For those who are old enough, conversations about September 1, 2001 usually start by recalling what one was doing when the news broke. No matter how routine or mundane the task – such as sitting in class during an otherwise forgettable lecture – everyone who saw real-time images of the planes crashing into the World Trade Center (WTC) remembers exactly what they were doing then and there. Now that we’ve reached the 20th anniversary of the attacks on the WTC, a new generation of Americans are speaking up about their experience living in a post 9/11 world – Generation Z, defined by those born after 1996. Even though they can’t recall where they were when the second tower was hit or reminisce about the innocence of pre-911 days, Generation Z does have thoughts about the America they inherited.
Sept. 11 was a formative memory for many millennials and life-changing for older generations, like Gen X, our parents among them. According to the 2019 US Census Bureau, 31.7% of the US population is between ages 0 to 24, which makes up Generation Z. A defining trait of Gen Z is that most of them were too young to recall or even live through the events of 9/11. Many research institutions identify 1996 as the cutoff point between generations specifically because those born afterward have little to no memory of the attacks. To Gen Z Masuk students, 9/11 is history – they have no collective memory of what happened that day 20 years ago.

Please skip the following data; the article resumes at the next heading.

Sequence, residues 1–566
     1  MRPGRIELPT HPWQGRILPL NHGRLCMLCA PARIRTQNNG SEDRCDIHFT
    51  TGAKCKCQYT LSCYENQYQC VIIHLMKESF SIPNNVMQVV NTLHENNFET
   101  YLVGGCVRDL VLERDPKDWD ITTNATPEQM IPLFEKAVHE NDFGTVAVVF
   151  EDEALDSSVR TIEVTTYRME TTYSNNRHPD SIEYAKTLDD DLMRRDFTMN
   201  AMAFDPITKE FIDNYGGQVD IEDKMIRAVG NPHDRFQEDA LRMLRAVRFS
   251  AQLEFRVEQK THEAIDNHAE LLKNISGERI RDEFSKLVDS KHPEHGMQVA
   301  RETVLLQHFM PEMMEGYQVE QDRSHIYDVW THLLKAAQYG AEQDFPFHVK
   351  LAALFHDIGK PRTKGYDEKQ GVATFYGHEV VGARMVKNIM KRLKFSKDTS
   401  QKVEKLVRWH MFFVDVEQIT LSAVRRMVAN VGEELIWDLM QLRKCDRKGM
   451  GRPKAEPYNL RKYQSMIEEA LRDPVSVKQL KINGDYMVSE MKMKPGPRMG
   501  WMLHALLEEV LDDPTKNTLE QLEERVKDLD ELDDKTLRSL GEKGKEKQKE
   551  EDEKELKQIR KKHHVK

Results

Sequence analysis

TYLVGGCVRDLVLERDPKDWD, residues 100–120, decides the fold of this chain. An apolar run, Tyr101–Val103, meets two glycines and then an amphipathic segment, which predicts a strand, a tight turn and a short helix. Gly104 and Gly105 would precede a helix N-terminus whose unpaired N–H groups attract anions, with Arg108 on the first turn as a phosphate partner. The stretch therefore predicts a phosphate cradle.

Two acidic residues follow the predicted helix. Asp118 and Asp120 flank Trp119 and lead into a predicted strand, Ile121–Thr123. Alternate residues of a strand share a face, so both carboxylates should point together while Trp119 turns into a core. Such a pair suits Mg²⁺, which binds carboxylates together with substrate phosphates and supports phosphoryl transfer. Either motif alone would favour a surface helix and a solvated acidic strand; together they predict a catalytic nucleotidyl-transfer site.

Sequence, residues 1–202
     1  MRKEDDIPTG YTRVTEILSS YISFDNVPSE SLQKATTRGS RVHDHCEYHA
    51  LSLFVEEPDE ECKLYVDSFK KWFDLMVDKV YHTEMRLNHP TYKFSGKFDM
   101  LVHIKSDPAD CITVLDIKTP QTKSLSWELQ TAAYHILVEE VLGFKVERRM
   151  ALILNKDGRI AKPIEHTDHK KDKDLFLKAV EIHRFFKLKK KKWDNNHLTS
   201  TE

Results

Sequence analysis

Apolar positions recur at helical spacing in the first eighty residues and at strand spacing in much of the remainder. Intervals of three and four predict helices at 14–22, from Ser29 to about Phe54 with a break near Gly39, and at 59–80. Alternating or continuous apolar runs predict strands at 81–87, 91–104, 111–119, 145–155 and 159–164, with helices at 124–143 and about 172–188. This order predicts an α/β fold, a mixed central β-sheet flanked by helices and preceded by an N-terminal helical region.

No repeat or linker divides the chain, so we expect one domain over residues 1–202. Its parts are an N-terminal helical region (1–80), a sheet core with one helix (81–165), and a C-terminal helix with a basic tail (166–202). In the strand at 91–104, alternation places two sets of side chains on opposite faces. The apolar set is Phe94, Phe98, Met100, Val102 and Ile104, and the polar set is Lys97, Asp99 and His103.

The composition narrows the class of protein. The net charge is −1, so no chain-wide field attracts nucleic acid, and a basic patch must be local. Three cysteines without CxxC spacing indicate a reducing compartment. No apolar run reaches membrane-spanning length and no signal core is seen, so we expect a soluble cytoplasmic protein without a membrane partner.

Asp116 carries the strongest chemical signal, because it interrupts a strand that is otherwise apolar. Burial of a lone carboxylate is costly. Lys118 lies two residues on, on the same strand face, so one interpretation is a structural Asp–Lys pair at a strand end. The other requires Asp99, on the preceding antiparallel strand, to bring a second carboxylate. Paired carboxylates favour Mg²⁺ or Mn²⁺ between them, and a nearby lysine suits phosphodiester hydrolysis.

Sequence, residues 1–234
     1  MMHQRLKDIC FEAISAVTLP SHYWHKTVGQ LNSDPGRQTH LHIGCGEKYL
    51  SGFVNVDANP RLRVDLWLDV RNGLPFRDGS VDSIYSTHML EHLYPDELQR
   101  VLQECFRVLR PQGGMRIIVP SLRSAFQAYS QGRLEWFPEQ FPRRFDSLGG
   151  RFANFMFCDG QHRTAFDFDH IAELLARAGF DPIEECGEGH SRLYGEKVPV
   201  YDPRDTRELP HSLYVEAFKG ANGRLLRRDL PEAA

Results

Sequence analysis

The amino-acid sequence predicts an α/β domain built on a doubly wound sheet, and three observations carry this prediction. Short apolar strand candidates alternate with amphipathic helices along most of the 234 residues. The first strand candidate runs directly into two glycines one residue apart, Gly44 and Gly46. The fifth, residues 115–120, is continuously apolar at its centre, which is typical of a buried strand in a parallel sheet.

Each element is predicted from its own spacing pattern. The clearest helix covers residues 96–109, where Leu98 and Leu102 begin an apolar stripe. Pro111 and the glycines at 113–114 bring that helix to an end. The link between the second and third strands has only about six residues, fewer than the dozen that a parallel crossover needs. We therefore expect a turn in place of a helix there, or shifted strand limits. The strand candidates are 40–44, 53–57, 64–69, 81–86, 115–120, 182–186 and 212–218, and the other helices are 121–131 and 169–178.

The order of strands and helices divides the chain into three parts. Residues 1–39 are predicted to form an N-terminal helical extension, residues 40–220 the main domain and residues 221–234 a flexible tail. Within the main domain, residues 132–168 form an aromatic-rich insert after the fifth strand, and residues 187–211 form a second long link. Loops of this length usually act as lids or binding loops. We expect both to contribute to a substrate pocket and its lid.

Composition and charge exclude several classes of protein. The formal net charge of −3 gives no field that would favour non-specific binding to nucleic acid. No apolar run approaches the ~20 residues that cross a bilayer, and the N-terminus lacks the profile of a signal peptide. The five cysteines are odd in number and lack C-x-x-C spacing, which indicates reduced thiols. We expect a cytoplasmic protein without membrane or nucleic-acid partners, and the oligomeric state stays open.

Over the past few days I’ve spoken with many students about how they’ve come to understand that day. In the process of asking fellow students and interviewing teachers on their stories, I’ve come to reflect on how 9/11 has come to shape the lives of Gen Z Masuk students’ and Millennial staff.
Haley Ferris, a 15 year old Masuk sophomore can’t recall the exact time she first heard about those tragic events. It all happened before she was born. But she does remember when she first grasped the magnitude of it. It had to do with the mini hassles of boarding a plane. Someone remarked about how the security checks and restrictions were a result of the attacks.
“I was like, ‘Oh, well, that must have been something really big if it changed the way that all of us are able to go through the airport or get on trains and buses,” she remembers.
Susan Clark, a history teacher at Masuk recalled how she was a freshman in college at the time but her brother was a sophomore at Masuk, and that Masuk had canceled back to school night that evening and didn’t tell students what had happened while they were at school.
“I see the world differently than I did before,” she says. “I was 19 when it happened. As the years go on and we’re 20 years out and there isn’t a student that I teach that was alive at that time, it gets hard to kind of convey what we were feeling. So it’s a very solemn moment. Every generation has one of those ‘where were you then’ moments, for my parents it was when President Kennedy was assassinated, for me, it’s September 11.”
Regardless of whether you have a collective memory of that day, it’s a tough day to remember in US history. It’s also an important moment for Gen Z Masuk students and Millennial teachers to reflect on what’s changed in our country and to never forget.